start on the tie rods off the car. A little engine oil or wd40 on the threads will make this tiring job a little easier. Thread two different tie rods into a sleeve until there's about 1 or 2" of space between their ends - that's a good place to start. Don't forget the sleeve clamps. The straight bar attaches to a spindle, and the curved bar should curve UP to the centerlink. With all these bits n pieces in place, torque them all down and set the car on the ground.

Choose a grove in the tire and measure the distance between it and its twin on the other side and on both front and back of the wheel. If you have to work partway down the tire from center ( likely with a lowered camaro ) just increase the spread when you do your math. You're aiming for a small toe in - 1/8" or 1/16" should (I'm told) keep your tires in good shape as you head to an alignment shop.
There's really no way around it.. you need to get it aligned after this work.
When you do, a good performance alignment (at least according to board members) could be between 0 and 1/8" toe in, 0 and -1* camber, and as much positive caster as possible. Stock A arms are limited in this regard and adjustable tubulars shine here. Plus they're so stinking easy to adjust, people who own these should be shot and forced to will them to me. NBL!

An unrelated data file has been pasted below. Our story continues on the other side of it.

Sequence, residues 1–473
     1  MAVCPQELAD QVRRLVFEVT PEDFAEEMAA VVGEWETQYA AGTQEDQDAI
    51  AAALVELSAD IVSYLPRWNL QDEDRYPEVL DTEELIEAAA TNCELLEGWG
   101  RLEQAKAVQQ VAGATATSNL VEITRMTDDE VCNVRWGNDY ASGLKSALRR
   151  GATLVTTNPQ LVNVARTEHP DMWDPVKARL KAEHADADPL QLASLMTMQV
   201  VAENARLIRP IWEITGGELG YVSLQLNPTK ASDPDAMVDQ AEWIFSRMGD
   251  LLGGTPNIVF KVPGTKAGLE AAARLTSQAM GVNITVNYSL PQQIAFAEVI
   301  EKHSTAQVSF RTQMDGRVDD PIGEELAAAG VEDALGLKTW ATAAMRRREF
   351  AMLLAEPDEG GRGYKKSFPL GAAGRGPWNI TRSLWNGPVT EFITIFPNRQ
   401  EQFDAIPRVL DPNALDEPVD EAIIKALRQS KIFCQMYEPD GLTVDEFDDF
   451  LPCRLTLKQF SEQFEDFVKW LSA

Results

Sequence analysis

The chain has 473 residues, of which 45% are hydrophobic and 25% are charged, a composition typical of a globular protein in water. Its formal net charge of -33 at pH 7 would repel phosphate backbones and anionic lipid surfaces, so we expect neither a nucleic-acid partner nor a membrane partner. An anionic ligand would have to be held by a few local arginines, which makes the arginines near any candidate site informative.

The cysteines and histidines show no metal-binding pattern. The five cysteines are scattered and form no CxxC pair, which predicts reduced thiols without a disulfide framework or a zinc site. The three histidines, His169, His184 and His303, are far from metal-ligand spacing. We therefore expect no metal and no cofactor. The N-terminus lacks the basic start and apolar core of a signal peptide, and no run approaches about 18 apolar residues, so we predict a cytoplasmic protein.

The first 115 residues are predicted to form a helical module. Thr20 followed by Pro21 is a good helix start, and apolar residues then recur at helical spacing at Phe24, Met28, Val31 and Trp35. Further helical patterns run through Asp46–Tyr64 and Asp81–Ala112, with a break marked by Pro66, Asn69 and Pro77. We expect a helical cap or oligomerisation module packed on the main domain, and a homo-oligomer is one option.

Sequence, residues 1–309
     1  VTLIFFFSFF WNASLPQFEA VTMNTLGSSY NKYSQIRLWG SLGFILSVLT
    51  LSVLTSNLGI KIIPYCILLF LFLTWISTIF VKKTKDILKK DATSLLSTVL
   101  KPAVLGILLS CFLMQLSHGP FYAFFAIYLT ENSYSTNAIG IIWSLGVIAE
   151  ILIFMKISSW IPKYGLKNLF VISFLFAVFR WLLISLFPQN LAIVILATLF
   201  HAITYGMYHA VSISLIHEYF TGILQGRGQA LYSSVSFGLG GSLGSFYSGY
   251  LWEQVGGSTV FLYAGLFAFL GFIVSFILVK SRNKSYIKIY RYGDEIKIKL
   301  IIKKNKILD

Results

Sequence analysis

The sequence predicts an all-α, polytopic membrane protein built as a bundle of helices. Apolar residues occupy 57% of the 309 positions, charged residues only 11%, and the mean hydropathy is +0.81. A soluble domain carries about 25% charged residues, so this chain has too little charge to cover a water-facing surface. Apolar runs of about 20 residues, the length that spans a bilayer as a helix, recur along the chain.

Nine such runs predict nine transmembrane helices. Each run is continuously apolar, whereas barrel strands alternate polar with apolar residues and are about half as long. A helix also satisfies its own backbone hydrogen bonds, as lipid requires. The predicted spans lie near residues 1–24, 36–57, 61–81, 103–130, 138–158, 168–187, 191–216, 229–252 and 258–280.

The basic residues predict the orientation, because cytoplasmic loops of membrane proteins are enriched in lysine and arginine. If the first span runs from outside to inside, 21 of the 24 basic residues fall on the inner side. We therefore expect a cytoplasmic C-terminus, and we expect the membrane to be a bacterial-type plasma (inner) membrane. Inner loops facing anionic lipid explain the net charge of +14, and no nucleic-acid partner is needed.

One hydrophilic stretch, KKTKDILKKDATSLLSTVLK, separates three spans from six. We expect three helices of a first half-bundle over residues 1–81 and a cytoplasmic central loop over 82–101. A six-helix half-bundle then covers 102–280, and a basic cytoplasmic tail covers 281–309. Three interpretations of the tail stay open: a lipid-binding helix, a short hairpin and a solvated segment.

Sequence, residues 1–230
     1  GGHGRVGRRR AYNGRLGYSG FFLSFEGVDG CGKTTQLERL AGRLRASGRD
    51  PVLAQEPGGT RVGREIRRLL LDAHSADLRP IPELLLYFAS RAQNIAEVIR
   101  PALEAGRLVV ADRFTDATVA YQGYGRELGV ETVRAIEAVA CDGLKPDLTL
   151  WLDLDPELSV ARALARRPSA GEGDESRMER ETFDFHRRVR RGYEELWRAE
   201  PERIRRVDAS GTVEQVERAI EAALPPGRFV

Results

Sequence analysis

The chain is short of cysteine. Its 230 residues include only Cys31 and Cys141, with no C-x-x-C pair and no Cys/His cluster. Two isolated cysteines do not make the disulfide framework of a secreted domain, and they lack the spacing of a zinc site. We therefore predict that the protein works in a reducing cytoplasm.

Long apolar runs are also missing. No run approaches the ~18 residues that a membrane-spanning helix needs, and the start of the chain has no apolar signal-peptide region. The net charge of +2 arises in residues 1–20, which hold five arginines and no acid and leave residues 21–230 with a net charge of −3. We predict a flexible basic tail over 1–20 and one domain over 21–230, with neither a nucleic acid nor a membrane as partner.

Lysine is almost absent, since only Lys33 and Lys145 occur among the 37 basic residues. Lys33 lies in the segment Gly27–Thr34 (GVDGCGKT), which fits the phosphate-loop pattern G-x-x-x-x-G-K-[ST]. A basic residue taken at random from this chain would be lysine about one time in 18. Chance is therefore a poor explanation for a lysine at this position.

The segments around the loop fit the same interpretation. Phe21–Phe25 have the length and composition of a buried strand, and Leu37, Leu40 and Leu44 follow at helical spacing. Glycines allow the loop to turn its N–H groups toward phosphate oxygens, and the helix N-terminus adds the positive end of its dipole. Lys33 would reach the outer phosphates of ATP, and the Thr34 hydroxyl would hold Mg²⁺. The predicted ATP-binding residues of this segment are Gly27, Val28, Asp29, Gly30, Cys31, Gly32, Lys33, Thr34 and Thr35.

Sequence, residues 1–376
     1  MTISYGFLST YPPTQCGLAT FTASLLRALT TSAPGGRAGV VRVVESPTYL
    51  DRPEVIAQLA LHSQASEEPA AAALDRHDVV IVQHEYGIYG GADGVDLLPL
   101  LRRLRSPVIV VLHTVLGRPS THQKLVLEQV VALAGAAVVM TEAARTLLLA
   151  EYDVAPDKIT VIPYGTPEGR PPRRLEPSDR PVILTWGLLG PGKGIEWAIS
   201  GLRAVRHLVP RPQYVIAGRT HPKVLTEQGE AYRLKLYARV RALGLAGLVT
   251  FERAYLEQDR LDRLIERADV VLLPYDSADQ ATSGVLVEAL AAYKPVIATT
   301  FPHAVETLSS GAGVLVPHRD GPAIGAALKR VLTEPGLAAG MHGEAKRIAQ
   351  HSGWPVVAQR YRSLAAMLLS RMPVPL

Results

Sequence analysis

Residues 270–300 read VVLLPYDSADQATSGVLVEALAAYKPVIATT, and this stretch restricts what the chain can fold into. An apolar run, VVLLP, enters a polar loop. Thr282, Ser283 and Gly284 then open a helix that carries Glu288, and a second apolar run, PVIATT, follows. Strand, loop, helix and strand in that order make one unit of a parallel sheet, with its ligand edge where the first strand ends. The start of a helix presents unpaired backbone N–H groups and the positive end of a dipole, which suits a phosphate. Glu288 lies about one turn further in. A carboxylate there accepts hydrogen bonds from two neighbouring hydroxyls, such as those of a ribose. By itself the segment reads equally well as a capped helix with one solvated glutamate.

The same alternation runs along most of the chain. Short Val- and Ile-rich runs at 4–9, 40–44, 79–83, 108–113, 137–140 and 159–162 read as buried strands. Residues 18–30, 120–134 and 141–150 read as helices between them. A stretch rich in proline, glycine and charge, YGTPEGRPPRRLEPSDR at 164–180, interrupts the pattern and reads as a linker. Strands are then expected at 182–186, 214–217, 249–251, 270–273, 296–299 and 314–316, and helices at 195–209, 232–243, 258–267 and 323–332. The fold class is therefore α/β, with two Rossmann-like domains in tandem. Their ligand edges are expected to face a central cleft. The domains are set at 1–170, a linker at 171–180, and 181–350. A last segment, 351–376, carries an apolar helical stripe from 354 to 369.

if your ride height is still a little high in the nose, DRIVE THE CAR first. The springs may and probably will settle a little. If you're still not happy, loosen the bushing bolts, bounce it.. double check and then, point of no return, chop a half coil off with a cut off disc, since a torch can totally gimp the spring.

Don't forget to torque your wheel lugs and have a frosty beverage.

I think that pretty much covers the job! I hope so, because it took me an hour and a half to write it up :)

In less than a week I'll be driving 250km on the new suspension so if you never hear from me again.. it broke and I died! Don't follow my advice!

Keep the shiny side up.
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Sammy C